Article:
The Best Trump Defense
Terry H. Schwadron
It’s the best defense ever!
After a day of people setting their hair afire over the issue, the White House finally settled on a story to explain disclosures by the President of information from Israeli operatives that could let the Russians and their allies like Iran find out the source.
Here it is: The President didn’t prepare for the meeting, so he couldn’t have known anything about the issues and logically could not betray the classified nature of the material. Didn’t know, couldn’t be an intentional misstep, though it would be perfectly OK if he had.
So, the President sent out all the President’s men to say that the President is routinely so poorly prepared that he couldn’t have intentionally slipped a secret to the visiting Russian foreign minister. Still, in his remarks, H.R. McMaster, the president’s top security adviser, never addressed the central thesis of the Post coverage, that President had shared deeply sensitive information with Russian Foreign Minister Sergei Lavrov and Ambassador Sergey Kislyak during an Oval Office meeting last week.
Even more, the White House said, the story once again should be how The Washington Post could have learned about the contents of that closed meeting.
If you listen to the White House:
- The President can say anything he wants to anyone he wants in pursuit of his own personal view of American interests, not just because it is legal, but because his judgment is so good.
- People who criticize him or the results of his actions may be acting in a treasonous manner.
- It’s a good idea to share more secret stuff with Russia, key players in the plot to influence the U.S. elections.
- And, oh by the way, this is totally different from Hillary, who hypocritically should have been locked up for leaking classified information to her staff.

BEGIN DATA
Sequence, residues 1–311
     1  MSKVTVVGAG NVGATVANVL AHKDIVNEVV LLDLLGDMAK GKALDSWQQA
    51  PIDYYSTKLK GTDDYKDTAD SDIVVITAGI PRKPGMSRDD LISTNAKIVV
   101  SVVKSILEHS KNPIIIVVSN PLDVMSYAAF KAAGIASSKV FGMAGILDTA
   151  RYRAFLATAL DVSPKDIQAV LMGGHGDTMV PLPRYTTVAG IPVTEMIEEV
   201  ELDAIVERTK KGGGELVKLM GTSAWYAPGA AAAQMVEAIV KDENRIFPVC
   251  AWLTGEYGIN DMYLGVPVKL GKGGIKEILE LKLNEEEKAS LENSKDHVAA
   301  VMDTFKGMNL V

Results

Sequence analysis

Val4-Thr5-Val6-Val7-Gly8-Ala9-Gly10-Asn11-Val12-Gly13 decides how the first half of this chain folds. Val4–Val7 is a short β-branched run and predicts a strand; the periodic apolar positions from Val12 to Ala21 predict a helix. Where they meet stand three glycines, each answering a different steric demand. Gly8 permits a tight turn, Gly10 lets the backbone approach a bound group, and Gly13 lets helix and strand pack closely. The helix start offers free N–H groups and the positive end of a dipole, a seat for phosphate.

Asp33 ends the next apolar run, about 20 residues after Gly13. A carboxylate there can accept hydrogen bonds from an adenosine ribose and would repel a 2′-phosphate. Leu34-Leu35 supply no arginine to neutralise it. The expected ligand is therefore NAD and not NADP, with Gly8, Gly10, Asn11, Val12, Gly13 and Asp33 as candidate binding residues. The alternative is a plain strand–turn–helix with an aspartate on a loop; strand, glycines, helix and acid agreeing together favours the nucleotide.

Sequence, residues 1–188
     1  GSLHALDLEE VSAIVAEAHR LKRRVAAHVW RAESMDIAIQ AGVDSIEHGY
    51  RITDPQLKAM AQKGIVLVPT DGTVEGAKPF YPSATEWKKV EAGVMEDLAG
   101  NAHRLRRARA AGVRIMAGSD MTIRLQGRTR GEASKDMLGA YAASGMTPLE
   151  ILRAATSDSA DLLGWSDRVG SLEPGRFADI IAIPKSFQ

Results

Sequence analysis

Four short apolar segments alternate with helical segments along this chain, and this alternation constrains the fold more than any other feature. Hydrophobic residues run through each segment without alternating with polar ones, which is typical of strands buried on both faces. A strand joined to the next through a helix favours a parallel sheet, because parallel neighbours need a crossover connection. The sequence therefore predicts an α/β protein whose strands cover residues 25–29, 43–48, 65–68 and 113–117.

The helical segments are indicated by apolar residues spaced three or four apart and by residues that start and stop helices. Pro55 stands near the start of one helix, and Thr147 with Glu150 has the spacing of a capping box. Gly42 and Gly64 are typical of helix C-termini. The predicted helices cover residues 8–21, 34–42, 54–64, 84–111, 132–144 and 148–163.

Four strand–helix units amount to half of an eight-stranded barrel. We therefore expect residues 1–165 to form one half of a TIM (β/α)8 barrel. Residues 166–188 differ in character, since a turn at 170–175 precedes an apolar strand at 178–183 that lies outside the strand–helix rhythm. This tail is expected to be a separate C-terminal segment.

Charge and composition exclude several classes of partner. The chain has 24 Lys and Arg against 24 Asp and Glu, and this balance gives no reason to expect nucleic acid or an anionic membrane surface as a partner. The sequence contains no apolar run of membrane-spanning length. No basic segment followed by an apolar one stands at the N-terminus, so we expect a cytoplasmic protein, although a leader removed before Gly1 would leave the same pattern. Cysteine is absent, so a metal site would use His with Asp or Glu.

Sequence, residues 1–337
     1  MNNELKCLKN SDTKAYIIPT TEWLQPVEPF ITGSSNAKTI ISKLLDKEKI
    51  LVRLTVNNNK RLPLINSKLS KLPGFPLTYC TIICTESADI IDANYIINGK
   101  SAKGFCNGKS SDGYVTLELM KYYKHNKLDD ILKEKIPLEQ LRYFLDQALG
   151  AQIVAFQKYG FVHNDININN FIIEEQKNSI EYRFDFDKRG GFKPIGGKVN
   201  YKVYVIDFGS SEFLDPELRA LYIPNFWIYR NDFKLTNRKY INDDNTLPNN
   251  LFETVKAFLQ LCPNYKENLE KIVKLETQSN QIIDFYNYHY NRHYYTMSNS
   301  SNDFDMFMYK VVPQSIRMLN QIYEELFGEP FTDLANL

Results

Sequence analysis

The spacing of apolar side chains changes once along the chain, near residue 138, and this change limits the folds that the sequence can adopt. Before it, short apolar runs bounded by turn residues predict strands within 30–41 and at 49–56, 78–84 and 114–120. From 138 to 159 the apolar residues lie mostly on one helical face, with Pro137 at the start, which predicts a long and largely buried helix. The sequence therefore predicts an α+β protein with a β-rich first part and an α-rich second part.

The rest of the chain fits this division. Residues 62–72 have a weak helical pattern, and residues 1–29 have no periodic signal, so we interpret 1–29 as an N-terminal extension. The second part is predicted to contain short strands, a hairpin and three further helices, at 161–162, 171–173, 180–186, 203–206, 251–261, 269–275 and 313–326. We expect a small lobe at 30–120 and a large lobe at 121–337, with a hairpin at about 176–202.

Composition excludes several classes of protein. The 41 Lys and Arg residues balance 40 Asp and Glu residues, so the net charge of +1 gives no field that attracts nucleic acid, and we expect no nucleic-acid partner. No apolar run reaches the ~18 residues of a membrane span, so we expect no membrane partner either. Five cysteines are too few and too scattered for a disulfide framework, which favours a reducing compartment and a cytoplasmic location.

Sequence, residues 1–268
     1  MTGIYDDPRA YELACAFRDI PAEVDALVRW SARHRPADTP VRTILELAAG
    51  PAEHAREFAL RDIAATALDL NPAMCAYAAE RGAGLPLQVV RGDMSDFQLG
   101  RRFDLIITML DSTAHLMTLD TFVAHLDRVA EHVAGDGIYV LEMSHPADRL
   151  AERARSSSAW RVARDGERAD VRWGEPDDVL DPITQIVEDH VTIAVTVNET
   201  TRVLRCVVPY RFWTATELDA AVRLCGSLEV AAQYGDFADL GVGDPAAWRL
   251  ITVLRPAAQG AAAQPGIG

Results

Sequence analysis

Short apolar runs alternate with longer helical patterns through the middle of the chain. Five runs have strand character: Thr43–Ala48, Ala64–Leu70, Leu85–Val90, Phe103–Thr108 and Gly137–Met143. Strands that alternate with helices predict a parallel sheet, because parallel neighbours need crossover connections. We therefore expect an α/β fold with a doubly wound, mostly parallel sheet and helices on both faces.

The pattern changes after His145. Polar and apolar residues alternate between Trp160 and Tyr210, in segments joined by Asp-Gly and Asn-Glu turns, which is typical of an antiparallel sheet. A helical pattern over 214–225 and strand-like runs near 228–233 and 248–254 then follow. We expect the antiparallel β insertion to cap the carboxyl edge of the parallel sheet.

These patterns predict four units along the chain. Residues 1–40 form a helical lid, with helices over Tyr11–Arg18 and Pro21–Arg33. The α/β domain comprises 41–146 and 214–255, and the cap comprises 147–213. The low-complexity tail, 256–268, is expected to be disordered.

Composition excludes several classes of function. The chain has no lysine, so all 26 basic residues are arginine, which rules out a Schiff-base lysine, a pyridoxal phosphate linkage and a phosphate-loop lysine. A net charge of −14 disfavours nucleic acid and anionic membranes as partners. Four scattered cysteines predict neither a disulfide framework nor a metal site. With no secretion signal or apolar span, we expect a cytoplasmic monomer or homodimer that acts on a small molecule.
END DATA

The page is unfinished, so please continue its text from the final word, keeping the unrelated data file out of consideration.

Even as folks were absorbing all of this, even as they were heading for their partisan corners, yet another wave of news broke: The New York Times quoted friends of James B. Comey Jr., dismissed as FBI director, as having written notes of a Feb. 14 meeting with the President, one on one, in which Mr. Trump asked Comey to drop any investigation against Michael T. Flynn, former national security adviser. In other words, interfering in an active investigation, which is at least inappropriate if not obstruction of justice. The letter was part of a paper trail Comey created, said the story. Predictably, the White House said it didn’t happen. Who knows, the President may yet tweet that it did happen, but that it had been perfectly reasonable to ask Comey to drop any investigation.
The President is losing important support among Senate Republicans, he is openly being discussed as an impeachment target, he is being ridiculed by late-night comics. He is at risk of losing cooperation from Israeli intelligence for the sharing of information. So much for making the country safer, running a tight ship or Making America Grate.
Defending himself through tweets, he acknowledged the central truth of the newspaper coverage and knee-capped his own spokespeople who had been trying to put the best face on the growing cancer in the White House.
The best and worst of it all is that this crisis, as with the continuing Comey dismissal problem, is a sole reflection of the actions of Donald Trump. These are, in punditry terms, “self-inflicted injuries.” It is the President’s own mouth, his tweets and words, that have resulted in serial political upsets and a White House in disarray.
It now will be up to other countries to decide whether to withhold information with U.S.
Apparently all this intelligence concerned what is now known about commercial airplanes and the latest terrorist tactics to attack aircraft.
There are briefing books prepared for the President before such meetings, but we all know that Donald Trump doesn’t like to read. What we do know from the President himself is that he finds intelligence briefings repetitive and boring. Questions at the daily Press Secretary briefing yesterday openly questioned whether President Trump does his homework.
Now the president who fired the FBI director over interference is picking a new FBI director who will be loyal to the President, yet independent. We will work with the Israelis who now magically will trust the U.S. President not to expose their operatives. Somehow, we will win cooperation from the Russians who oppose almost everything the U.S. wants.
It is all magical thinking.
There is little here in which to take glee. This is horrible stuff, made worse by the President’s boastful, petulant, undisciplined ego.
Once again, I wonder: Can’t we do better?